With only a little more than an hour of sun left, I quickly made my way for a few hundred yards to the first of the dunes. The wind was blowing lightly and there were no footprints, which was perfect. From the parking area you can follow several intersecting ridgelines that lead up to the crest of the dunes — very beautiful with ripples in the sand and the sharp edges of the dunes leading the way up, but ever so difficult to climb given the softness of the sand. What a perfect way to end an adventure that I never could have planned, walking the edge of the upper dune as the sun set over the mountains.

Visiting the Dunes

I try to stop by the dunes any time I visit Death Valley now. The easiest way in is to follow Highway 395 to Big Pine and then head east on Hy 168 for several miles where the road splits. Westguard Pass is to the left. Veer right onto the Death Valley/Big Pine Road and continue east for 40 miles to the turnoff to Eureka Dunes. The spur road leading to the dunes is one of the roughest washboard roads I’ve driven but the rerward at the end is well worth it. For those that would like to continue on into the park, it is 35 miles on much better dirt road to the Scotty’s Castle area.

Light on the dunes is incredible during the last hour before the sun goes over the rim and the first hour in the morning light. Whether out for a walk or for serious photography, the north side of the dunes light up in the afternoon. While the temptation is to head straight up towards the highest part of the dunes, you’ll find both the walking and the picture taking best if you head out along the edge of the dunes about 2 hours before sunset and enjoy the beautiful 1.5 mile walk to the far end — or as far as you want to go. There are plenty of places to meander into the lower part of the dunes and tons of places to find the perfect picture. On the way back to your camping spot the angled light is perfect for photography and you’ll find a half mile of rolling dunes along the lower slopes of the highest ridge.

Ray Ford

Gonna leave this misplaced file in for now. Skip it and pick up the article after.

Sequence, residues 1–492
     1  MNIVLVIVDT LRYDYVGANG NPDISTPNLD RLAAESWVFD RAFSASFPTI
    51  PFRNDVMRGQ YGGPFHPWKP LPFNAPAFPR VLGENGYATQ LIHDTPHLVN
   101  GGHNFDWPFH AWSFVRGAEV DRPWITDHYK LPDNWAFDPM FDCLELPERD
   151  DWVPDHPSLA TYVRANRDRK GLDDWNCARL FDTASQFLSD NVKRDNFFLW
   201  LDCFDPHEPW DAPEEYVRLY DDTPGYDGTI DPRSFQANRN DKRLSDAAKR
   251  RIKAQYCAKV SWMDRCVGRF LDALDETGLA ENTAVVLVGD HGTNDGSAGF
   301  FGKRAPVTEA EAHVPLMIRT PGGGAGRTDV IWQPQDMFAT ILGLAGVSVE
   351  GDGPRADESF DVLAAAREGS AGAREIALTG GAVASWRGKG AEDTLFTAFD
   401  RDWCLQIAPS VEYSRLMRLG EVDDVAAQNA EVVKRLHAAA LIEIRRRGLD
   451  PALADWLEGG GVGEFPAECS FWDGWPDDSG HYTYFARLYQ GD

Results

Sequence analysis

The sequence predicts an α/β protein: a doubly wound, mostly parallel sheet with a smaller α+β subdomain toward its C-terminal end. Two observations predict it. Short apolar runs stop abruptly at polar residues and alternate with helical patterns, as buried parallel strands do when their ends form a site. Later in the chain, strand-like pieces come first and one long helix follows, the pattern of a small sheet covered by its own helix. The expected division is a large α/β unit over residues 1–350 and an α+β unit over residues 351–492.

Or for those who just love walking, a trip around the base of the entire dunes may be the perfect hike. You’ll need a half day and at least four miles of hiking to make it around but it is a beautiful hike, especially in the cooler months when the midday heat isn’t out.

Morning Light

Getting the right picts in the morning is far more challenging because you really need to get up at the 6am hour and head east around the upper end of the dunes to make sure you get to the best spots before the golden light fades away. The best spot for morning photography is about 3-4 miles along the road leading to Steele Pass. The DV backcountry map warns drivers that deep sand can be found along the road but more often than not a high clearance vehicle is all you’ll need.

Ray Ford

Continue on the road to the point where it finally turns sharply to the left, uphill and away from the dunes. While the highest part of the dunes is off to your right, the best spots for picture taking are to the left where the dunes are lower in height and there are hundreds of smaller rolling dunes that create amazing patterns in the sand. That’s the good news; the bad is that to reach them you’ll need to hike in about a half mile across a wide expanse of dry lake bottom type hard pan, which is why getting up early and on the go is a must. You might even consider setting up camp on this side of the dunes to make it easy to start out at first light.

Once you reach the first of the low dunes and began working your way in and out of the lower ones you’ll be amazed at how quickly time flies by and how difficult it will be to peel yourself away.


For more detailed information about the Eureka Dunes, check the SB Outdoors Blog or the Santa Barbara Outdoors (SBO) website. SBO is the place to go for information about where to hike, bike, ride or walk in Santa Barbara County.